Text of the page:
By Tony Carr
Is this the time to switch up the Memorial Cup tournament format?
Currently, the winners from each of the three leagues in the CHL (Quebec, Ontario and Western Leagues) all earn the right to play for junior hockey supremacy. The fourth team invited is the host team. This rotates from league to league on a yearly basis. Usually, the host team loads up on talent via trades to ensure themselves a competitive team for the tournament but lately there has been a disturbing trend with this format; the host team doesn’t win their league title. Or even make it that far. Last year, the host Shawinigan Cataractes lost in the second round of the QMJHL playoffs. This year the host Saskatoon Blades lost in the first round of the WHL playoffs, not only lost, but were swept. This begs the question: why are we allowing an inferior team the chance to play for such a prestigious trophy?
Rotating the host through the three different leagues makes sense, in a fairness sort of way. Is it time to stop “being fair”, and time to start rewarding winning? As the host team this year, the Blades are automatically in which also means that two of the Portland Winterhawks (117 points), Edmonton Oil Kings (108 points) and Kelowna Rockets (108 points) will absolutely not be (of course all three teams could miss out on the league title but that seems unlikely). The Blades had 94 points this season which is a pretty good year, and we all know regular season success does not guarantee playoff wins but an all access pass to the championship tournament because you had the best pitch to the selection committee a year previous seems wrong as well.
One idea is to continue rotating the host through the three leagues but allow the two teams playing in that particular league final to participate for the Memorial Cup. Using last year’s Memorial Cup as an example, the Saint John Seadogs and the Rimouski Oceanic would have represented the QMJHL in the tournament held in Shawinigan. The obvious problem with this scenario is attendance but is it really that big a problem? Maybe in the big markets like Vancouver, Calgary or Edmonton but not in the smaller towns that make the CHL what it is. With the eyes of the junior hockey world watching, Baie Comeau would sell out the 2,779 seats in the Centre Henry-Leonard. Likewise in 3,257 seat Yardmen Arena located in Belleville. These smaller venues, smaller towns, can use the revenue and spotlight brought in by the Memorial Cup tournament despite the hometown team possibly not playing in it.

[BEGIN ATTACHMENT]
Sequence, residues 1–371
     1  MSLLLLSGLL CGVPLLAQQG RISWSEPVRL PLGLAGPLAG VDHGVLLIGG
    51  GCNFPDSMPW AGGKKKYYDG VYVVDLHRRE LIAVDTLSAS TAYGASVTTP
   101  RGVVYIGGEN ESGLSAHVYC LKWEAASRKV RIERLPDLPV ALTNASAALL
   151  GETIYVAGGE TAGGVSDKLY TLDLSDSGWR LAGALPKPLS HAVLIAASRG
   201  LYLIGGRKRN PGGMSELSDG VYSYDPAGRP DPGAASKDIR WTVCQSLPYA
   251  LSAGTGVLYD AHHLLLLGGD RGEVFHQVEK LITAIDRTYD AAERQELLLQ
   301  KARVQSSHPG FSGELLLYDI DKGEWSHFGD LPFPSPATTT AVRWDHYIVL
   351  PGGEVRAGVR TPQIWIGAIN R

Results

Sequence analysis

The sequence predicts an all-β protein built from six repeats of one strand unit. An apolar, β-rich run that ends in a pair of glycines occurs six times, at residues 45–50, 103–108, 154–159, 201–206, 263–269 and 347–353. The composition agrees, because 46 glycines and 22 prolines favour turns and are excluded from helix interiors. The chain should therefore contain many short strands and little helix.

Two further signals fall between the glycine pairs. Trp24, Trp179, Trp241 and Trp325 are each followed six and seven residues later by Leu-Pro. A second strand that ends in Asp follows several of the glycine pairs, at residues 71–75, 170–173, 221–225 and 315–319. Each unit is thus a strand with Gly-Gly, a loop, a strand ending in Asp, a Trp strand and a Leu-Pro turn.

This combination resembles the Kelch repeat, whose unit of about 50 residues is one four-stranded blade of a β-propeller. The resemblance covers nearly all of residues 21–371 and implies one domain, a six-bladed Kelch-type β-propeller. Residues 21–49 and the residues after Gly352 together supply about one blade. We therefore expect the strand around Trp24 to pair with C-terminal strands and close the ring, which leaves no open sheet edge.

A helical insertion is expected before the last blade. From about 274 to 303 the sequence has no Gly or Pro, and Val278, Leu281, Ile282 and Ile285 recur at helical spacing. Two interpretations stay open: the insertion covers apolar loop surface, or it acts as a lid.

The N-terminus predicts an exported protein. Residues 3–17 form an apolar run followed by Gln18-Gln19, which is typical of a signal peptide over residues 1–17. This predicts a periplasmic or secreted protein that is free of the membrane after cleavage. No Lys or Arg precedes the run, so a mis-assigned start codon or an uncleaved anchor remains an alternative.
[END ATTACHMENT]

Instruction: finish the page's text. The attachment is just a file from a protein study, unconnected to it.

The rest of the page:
Another idea is to allow the league that wins the Memorial Cup to host the tournament the following year. Since 1983, when the tournament switched to four teams instead of three, the WHL has a dominating lead in Memorial Cup victories with 15, compared to nine for the OHL and six for the QMJHL. However, in the past 10 years, the margin is much closer with the OHL holding four titles with the other two leagues tied with three wins each, making this idea much more intriguing due to the parity. This idea is also based on rewarding teams that win at the expense of “fairness”.
Whatever happens, be it a change to the format or status quo, the Memorial Cup tournament is one of the most exciting times of the hockey year. No matter where it is held coast to coast, big city or small town, get out and support junior hockey.
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